The mis-match between demand and supply means that natural gas peaker plants continue to play an important role. But utility scale solar arrays and wind farms will increasingly be built with large battery storage capabilities.
The cost of lithium-ion battery storage fell 35 percent from the first half of 2018 to December 2019 and 76 percent since 2012. Lower cost battery installations will allow generators to store solar and wind energy. Batteries will allow these resources to release power to the grid during times of scarcity, reducing reliance on gas peaker plants.
Capacity Markets in Turmoil – Increased Risk
The PJM Capacity Market helps ensure the grid’s long term reliability by paying power suppliers to be on standby as an available resource. Economists model predicted energy needs 3 years in the future. Power generators then bid on and receive contracts requiring them to generate power during system emergencies.
(The PJM Interconnection serves 13 states and Washington DC. Similar capacity markets exist in New England and New York, and the Mid-Central states)
The cost of capacity? It amounts to around 20% of the overall cost of energy in these markets.
Well, the capacity market was thrown into turmoil in December 2019. That’s when FERC (Federal Energy Regulatory Commission) released a long-anticipated decision on how the price is set for capacity.
FERC ruled that PJM needed to change the Minimum Offer Price Rule (the rate setting mechanism for the capacity market) to include renewable resources. Previously, gas-powered generation costs set MOPR.
PJM and other market leaders are still working through implications. However, it means that the PJM Capacity Auctions for 2022 and 2023, which were suspended in 2019, have still not been scheduled.
Overall the FERC order brings uncertainty into the market.
Each consumer in the market pays their share of capacity costs through their assigned capacity tag. PJM establishes this capacity tag annually based on the meter’s peak consumption over a 4 month period each summer.
Our expectation is that this uncertainty will cause rates for residential and small commercial to increase. Market rules seldom allow capacity costs to be billed to protected customers retroactively.
For commercial customers we expect energy prices to follow wholesale market forces, since capacity costs are typically a direct pass-through, and not included in energy costs.
Market leaders in other ISOs will continue to monitor the PJM/FERC interaction to see the implications for their capacity auctions.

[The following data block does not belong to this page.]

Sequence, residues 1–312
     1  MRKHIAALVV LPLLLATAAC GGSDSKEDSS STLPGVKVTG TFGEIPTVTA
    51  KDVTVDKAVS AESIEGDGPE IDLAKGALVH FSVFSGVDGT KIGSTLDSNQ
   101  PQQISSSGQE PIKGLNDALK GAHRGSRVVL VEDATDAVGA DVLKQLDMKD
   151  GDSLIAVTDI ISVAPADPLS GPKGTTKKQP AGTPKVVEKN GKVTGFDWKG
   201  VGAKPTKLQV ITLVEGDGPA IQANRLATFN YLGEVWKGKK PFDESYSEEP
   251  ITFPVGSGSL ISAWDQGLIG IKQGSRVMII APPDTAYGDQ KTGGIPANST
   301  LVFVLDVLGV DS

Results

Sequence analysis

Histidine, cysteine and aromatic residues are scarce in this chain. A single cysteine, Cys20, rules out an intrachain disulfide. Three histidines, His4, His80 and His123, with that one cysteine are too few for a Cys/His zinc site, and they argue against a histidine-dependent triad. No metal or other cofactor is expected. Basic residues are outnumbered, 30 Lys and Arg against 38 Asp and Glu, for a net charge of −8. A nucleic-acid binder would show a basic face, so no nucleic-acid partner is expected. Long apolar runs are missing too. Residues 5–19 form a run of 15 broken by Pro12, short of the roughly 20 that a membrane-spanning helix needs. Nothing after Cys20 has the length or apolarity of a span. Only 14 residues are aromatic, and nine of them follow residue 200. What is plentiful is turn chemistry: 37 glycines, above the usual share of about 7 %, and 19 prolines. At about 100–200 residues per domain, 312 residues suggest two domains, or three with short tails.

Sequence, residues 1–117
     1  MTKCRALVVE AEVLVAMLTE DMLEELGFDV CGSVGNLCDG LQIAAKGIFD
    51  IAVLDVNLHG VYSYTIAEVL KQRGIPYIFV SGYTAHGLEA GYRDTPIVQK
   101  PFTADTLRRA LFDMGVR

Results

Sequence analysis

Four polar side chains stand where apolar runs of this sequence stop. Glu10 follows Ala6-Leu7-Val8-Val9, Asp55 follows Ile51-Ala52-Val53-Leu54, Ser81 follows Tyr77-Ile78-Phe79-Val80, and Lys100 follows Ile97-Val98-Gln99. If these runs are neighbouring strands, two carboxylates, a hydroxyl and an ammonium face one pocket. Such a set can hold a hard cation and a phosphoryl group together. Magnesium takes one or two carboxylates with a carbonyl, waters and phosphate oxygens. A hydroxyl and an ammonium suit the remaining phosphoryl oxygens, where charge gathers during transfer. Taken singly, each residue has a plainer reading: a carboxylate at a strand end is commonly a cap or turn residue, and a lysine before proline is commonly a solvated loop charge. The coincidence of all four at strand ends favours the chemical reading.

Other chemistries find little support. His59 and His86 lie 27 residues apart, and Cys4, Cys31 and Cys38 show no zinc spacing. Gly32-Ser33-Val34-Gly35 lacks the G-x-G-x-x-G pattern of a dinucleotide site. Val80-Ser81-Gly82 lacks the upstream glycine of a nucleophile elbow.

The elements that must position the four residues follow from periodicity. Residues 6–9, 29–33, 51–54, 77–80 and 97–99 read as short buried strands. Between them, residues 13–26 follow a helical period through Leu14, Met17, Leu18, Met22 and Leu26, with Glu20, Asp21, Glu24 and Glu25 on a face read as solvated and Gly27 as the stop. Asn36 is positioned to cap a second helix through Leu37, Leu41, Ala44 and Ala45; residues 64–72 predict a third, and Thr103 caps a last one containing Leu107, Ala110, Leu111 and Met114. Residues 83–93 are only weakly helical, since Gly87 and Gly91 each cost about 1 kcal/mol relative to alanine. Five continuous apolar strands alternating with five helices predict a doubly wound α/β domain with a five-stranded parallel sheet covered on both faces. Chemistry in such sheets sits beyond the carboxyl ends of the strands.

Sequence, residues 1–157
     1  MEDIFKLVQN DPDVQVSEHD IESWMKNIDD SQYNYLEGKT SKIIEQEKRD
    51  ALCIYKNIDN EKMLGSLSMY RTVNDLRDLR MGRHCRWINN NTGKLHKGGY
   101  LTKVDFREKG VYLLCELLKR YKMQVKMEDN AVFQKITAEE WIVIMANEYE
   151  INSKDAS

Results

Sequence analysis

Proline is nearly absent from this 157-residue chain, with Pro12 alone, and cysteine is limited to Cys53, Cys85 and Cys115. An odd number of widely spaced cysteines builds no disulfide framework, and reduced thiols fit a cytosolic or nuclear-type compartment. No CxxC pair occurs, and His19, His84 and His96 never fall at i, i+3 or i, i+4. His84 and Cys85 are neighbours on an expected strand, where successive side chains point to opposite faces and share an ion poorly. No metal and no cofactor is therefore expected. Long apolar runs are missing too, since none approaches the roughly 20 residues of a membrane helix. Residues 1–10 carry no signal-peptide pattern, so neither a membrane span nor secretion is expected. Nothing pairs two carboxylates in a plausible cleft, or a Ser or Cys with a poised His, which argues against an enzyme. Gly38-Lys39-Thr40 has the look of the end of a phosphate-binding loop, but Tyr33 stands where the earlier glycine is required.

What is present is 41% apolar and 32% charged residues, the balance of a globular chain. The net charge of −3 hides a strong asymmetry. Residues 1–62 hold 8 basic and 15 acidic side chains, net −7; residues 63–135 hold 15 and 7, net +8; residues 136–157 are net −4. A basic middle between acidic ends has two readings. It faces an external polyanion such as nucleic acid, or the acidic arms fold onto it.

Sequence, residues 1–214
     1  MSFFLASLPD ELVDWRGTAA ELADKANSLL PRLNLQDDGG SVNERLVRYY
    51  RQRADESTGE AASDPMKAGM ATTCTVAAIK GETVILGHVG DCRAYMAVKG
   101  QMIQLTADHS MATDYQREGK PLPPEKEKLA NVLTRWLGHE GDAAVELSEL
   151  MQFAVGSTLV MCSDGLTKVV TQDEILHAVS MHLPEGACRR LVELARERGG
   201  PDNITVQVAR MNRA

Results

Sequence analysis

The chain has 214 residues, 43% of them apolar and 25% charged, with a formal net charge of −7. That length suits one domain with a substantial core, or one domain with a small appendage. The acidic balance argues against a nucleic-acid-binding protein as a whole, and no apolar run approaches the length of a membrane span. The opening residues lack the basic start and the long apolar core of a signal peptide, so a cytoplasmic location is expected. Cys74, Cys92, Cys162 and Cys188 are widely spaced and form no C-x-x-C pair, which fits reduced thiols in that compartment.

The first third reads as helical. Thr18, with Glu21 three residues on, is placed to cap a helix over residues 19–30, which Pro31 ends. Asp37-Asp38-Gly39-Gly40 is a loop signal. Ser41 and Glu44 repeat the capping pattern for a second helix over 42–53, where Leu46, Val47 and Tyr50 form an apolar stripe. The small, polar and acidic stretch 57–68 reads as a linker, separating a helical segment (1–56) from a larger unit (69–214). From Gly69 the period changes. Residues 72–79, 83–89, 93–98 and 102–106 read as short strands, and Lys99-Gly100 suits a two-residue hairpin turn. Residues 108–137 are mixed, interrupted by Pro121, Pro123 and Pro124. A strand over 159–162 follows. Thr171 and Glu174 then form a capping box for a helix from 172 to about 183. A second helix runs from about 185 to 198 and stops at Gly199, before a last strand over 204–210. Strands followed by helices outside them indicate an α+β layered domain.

Texas ERCOT Market Bracing for Summer
The ERCOT (Texas) market deals with scarcity and reliability in a different manner. Rather than a capacity market that guarantees resource availability, ERCOT relies on market trading to attract generation, with a price cap of $9,000/MWh (or $9/kWh).
To plan for the summer peak season, ERCOT issues a reserve margin forecast. The reserve margin measures that amount of production available versus expected demand. ERCOT likes to maintain a 13.7% reserve margin for reliability.
ERCOT’s first projection for 2020 summer reserve margin is 10.6%. That’s lower than the target reserve margin, but 2% higher than the 8.6% reserve margin that we had going into 2019 peak demand season.
Power prices for 2020 are elevated as traders are concerned about shortages. Longer term energy contracts are more affordably priced.
Shop for Electricity Plans
With market uncertainty, residential and business electricity consumers in deregulated markets are looking to lock in fixed rate plans.
But if you spend over $2,000 a month on electricity, or if your contract expires more than 30 days out, call us to shop your options: 844-244-5559.
Residential consumers can secure fixed price contracts as much as three years into the future, knocking out some of the uncertainty. Texas residential customers can use an electricity bill calculator to compare rates and find the one that matches their usage pattern. Ohio and Connecticut customers can easily shop rates to save versus their utility price to compare.